Iris on Books was started as a reading journal, a place to track my thoughts, experiences, and questions while reading various books. This initial idea still stands. I do not consider myself so much a book reviewer as someone who posts her thoughts about books to share them with like-minded people, and preferably to learn and grow from the interaction with other readers. The interaction and exchange of ideas with fellow readers is one of the things I value most about book blogging.
What you will find on this blog are posts about almost every book I have read (I tend to procrastinate writing about certain books, especially those I love best, so some books might be missing). I like to intersperse these “review-like” posts with reading journal entries, usually in the form of Anastasia‘s Thursday Tea meme. On top of that, I like to reflect on reading, literature, blogging, and publishing in discussion posts, most of which appear under the Sunday Salon heading.
Since I am an amateur reader, who has not been educated in any way to reflect on literature professionally, it is never my intention to come across as an authority on any of the subjects I write about. I have taken some classes in gender studies and postcolonialism, and some of my review posts and discussion posts tend to reflect on these issues quite a lot, but I do not consider myself knowledgable enough to move beyond trying to find my own place in larger arguments, which often results in posts that formulate questions instead of answers. I admit, I like it that way. The fact that I am still learning also means that some of my older posts might reflect viewpoints I no longer agree with, or that I unintentionally marginalise certain literature, readers, or people in a post. I hope that I will learn from these experiences, and that I will remedy them to the best of my abilities. It is also why I find discussions in the comments so useful, since it allows me to learn from other people’s points of view. Hopefully, this also explains why I attempt to insert links to other people’s blog posts on books I have read. Through these links, I try to give people the opportunity to find additional information and other points of view on a book I have written about.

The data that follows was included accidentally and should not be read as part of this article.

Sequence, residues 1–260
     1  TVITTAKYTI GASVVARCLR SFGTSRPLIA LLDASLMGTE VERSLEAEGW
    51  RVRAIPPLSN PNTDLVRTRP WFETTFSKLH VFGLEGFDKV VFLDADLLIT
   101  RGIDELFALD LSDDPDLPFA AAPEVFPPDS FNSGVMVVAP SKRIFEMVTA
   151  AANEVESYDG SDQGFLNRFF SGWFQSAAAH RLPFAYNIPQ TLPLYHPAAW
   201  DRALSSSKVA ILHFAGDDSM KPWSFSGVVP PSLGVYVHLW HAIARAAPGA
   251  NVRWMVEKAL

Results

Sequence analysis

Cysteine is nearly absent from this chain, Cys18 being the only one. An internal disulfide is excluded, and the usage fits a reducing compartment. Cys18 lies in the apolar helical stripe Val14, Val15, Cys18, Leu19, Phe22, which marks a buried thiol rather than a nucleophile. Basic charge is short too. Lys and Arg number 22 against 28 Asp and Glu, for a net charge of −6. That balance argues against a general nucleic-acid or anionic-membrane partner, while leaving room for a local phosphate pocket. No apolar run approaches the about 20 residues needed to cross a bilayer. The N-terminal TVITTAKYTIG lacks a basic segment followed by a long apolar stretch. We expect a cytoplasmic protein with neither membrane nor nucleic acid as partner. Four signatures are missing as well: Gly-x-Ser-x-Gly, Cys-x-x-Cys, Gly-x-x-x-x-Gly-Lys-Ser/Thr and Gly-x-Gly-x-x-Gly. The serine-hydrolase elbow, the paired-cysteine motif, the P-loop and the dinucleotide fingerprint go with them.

Since I started blogging, I have become more conscious of inequalities in representation in the literary world, which has led me to try to read more women authors. It also means I hope to concentrate on more GLBTQ literature and literature from authors outside of Europe and Northern America. I have to admit that this is still very much a work in progress, and especially the latter two categories are fields I still fail miserably at compared to my general reading statistics.
I love receiving feedback and/or personal responses from people who visit my blog. If you would like to, I encourage you to leave a comment on one of my posts. You may also contact me in any of the following ways: